Dr. Sherman A. Jackson
Professor of Religion and American Studies and Ethnicity, University of Southern California
Dr. Sherman A. Jackson is the King Faisal Chair in Islamic Thought and Culture and Professor of Religion and American Studies and Ethnicity at the University of Southern California. Prior to this, he was an Arthur F. Thurnau professor of Arabic and Islamic Studies, Visiting Professor of Law and Professor of Afro-American Studies at the University of Michigan. He is author of Islamic Law and the State: The Constitutional Jurisprudence of Shihâb al-Dîn al-Qarâfî (Brill, 1996), On the Boundaries of Theological Tolerance in Islam: Abû Hâmid al-Ghazâlî’s Faysal al-Tafriqa (Oxford, 2002), Islam and the Blackamerican: Looking Towards the Third Resurrection (Oxford, 2005), Islam and the Problem of Black Suffering (Oxford, 2009), Sufism for Non-Sufis?: Ibn Atâ’ Allâh al-Sakandarî’s Tâj al-‘Arûs (Oxford, 2011-12) and Re-Thinking Jihad: Sadat’s Assassins and the Renunciation of Political Violence (under review).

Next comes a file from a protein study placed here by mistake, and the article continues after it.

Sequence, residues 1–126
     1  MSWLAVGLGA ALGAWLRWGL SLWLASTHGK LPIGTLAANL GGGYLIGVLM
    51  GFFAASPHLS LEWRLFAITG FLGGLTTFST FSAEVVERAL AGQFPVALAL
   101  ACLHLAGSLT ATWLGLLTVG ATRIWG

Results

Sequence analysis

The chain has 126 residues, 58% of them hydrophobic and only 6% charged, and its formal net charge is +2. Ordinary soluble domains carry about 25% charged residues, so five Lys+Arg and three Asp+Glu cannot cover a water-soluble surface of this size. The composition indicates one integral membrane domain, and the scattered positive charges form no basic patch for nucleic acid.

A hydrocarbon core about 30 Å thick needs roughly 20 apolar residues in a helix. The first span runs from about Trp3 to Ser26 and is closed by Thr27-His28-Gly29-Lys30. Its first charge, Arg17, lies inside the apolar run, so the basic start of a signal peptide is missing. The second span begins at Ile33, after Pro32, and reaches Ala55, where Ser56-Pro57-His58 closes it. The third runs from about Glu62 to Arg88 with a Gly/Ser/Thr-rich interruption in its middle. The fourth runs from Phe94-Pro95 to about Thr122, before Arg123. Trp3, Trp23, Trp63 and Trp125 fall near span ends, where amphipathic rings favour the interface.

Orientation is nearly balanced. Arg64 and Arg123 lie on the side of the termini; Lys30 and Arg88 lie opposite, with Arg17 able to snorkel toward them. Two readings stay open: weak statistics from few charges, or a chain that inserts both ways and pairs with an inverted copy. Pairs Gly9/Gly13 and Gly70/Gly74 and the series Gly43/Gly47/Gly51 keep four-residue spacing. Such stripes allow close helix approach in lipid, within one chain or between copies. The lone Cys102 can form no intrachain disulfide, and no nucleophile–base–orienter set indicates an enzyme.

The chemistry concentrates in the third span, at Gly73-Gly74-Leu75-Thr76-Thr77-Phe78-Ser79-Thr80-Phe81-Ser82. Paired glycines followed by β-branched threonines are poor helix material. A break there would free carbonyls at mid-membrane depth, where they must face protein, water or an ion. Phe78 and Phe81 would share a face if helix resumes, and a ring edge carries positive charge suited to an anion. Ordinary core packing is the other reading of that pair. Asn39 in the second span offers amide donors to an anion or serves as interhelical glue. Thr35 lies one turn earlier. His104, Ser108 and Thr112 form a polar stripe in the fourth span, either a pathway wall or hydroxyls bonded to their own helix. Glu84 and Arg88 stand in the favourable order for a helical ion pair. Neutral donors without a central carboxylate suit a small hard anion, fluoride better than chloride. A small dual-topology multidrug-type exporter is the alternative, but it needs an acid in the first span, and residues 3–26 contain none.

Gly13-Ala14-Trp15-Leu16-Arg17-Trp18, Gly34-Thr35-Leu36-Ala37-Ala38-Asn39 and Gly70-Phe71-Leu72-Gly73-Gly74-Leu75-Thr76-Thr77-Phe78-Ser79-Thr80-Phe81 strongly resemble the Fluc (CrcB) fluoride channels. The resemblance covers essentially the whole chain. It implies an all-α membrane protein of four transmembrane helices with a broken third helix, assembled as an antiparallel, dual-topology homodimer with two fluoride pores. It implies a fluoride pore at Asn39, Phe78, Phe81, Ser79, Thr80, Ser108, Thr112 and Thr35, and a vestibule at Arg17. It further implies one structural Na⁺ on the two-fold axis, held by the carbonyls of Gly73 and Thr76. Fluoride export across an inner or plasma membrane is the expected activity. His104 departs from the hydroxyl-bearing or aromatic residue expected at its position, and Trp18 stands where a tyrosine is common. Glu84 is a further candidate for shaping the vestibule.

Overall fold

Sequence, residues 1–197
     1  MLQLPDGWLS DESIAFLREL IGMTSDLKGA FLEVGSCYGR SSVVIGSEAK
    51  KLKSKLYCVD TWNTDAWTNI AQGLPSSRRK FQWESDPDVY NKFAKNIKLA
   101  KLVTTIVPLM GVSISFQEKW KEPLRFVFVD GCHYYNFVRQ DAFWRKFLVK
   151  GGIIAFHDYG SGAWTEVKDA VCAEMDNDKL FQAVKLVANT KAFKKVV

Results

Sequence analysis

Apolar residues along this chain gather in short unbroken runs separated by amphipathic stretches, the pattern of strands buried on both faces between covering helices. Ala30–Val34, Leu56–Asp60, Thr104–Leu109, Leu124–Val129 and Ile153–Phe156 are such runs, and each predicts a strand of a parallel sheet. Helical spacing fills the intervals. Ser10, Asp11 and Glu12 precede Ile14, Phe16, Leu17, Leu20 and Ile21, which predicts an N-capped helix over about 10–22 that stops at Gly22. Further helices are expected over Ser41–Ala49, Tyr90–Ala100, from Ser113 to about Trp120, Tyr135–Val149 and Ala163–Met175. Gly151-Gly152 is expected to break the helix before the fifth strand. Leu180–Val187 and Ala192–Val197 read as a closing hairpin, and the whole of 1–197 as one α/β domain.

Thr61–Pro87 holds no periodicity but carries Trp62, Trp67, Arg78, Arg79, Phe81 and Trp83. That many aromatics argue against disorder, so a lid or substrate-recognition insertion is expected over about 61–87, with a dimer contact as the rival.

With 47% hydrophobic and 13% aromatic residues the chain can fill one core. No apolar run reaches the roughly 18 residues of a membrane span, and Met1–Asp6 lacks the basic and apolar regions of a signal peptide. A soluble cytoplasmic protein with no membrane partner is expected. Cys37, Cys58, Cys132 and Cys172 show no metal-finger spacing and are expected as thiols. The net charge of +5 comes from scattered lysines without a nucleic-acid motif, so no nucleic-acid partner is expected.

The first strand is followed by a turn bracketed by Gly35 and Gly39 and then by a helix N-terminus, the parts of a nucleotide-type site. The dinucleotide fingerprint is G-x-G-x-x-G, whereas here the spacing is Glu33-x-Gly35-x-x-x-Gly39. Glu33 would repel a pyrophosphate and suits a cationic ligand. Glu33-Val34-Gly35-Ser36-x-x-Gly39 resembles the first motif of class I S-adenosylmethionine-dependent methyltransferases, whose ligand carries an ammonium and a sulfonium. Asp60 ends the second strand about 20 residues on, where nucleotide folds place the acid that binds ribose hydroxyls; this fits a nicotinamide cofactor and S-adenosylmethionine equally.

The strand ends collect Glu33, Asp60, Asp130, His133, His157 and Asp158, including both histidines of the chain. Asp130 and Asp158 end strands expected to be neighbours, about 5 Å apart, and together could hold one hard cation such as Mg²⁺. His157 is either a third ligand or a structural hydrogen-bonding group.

He has authored numerous articles on various aspects of Islamic law, theology, history and Islam and Muslims in modern America. He is listed by Religion Newswriters Foundation's ReligionLink as one of the top ten experts on Islam in America. And he was named among 2009’s top 500 most influential Muslims in the world by the Royal Islamic Strategic Studies Center in Amman, Jordan and the Prince Alwaleed Bin Talal Center for Muslim-Christian Understanding.